A307 Drama: The Balcony (BBC / The Open University, 1977) … banned!

Continuing my work on sixteen co-productions between The Open University and the BBC which were made for television transmission as part of the A307 Drama course which ran annually from 1977 to 1981, in this post I focus on one of the productions which never, in fact, made it as far as small-screen transmission. This was a shortened version of Jean Genet’s play Le Balcon, in Bernard Frechtmann’s translation and under the direction of Nick Levinson. It was Aubrey Singer, the Controller of BBC2, who – long after the production had been approved by the Controller of Educational Broadcasting Don Gratton, decided the programme could not be transmitted without the opening – set in a brothel – being substantially re-made. The Open University refused, cultural critics in the press were baffled (especially since the play had previously been shown on BBC Television in both studio and film productions) and thus the BBC effectively practised — it is believed for the first time in its relationship with the unviersity — an astonishing act of censorship. Continue reading

Conference report: Theatre Plays on British Television, 19 October 2012

On 21 February 1896 in what was then the Regent Street Polytechnic Louis Lumiére brothers showcased his Cinematographe for the first performance of a moving film to a paying audience in Britain. On Friday what today is the University of Westminster’s Regent Street building hosted an only slightly less auspicious occasion, when some thirty or so interested scholars, together with a contemporary producer or two, gathered for the Screen Plays conference Theatre Plays on British Television. Continue reading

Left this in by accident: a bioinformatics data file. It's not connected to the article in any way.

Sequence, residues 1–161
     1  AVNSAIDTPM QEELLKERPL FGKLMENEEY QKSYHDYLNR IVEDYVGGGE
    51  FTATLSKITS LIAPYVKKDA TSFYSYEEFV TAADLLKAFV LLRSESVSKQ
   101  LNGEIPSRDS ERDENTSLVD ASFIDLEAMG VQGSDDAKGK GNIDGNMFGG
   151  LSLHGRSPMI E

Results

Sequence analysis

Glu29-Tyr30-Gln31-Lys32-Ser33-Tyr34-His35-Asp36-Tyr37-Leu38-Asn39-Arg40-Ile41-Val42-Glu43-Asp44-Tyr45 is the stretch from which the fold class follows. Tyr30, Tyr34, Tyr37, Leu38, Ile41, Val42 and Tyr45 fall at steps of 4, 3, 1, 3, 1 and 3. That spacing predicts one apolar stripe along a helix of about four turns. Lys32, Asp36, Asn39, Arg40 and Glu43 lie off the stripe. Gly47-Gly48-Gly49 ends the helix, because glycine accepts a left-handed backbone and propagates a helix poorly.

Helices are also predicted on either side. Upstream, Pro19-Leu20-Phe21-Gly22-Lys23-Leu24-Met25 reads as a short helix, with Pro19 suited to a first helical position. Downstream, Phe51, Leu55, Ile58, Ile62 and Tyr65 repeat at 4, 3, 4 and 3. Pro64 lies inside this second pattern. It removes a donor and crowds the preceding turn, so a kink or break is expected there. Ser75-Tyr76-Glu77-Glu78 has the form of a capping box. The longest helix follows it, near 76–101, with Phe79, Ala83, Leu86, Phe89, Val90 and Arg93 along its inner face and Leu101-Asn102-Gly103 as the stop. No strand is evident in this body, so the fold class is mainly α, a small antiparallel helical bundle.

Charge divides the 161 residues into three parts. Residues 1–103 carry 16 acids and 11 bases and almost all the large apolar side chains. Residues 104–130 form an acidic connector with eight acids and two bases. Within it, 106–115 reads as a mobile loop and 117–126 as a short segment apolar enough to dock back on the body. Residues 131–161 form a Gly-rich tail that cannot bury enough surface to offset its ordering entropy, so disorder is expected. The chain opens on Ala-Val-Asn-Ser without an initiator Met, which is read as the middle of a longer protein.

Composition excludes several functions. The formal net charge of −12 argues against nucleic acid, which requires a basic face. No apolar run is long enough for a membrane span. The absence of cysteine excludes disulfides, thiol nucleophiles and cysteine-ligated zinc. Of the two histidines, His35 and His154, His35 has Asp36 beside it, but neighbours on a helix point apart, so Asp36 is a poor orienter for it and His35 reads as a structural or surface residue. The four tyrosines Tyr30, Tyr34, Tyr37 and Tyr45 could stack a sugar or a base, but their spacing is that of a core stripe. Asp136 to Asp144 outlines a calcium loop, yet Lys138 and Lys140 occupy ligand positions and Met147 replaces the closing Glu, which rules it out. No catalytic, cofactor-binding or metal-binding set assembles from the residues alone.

A307 Drama: Six Characters in Search of an Author (BBC / The Open University, 1977)

In today’s post I will focus on the television production of a condensed version of Luigi Pirandello’s Six Characters in Search of an Author (1921) which was transmitted in a series of sixteen co-productions between The Open University and the BBC. These were shown on television as part of the course materials supporting the work of distance-learning students who were enrolled on the annual A307 Drama course (1977-1981). This production of Sei personaggi in cerca d’autore, which used Frederick May’s English translation first published by Heinemann in 1954, was one of the four A307 productions directed and produced by John Selwyn Gilbert. Continue reading

Classics on TV: BFI Southbank programme, 7 June 2012

Tonight sees the first programme in the five night Screen Plays season Classics on TV: Greek Tragedy on the Small Screen at BFI Southbank. A few tickets are still available for the 6.10pm showing which features Oedipus the King (BBC/The Open University, 1977) and Play of the Month: King Oedipus (BBC, 1972); you can book via the BFI website. We would like to try an experiment and invite anyone who is at the screening to contribute their thoughts about the programmes in the Comments below. Any and all responses would be welcome, however brief – and Amanda Wrigley and I will also be offering some further thoughts. Continue reading

A307 Drama: Macbeth (BBC / The Open University, 1977)

My last post discussed a 1977 BBC Television transmission of a production of Sophocles’ tragedy Oedipus the King. This was the first in a series of sixteen co-productions with The Open University designed to support the work of distance-learning students who were enrolled on the course A307 Drama. Today I will continue my wider case study on stage plays produced on television in educational contexts by turning to the second production in this series―Macbeth, directed by Paul Kafno. Corin Redgrave took the title role, Ann Bell played Lady Macbeth, John Golightly Banquo and John Richard Beale Duncan. Continue reading

Emitron camera at Alexandra Palace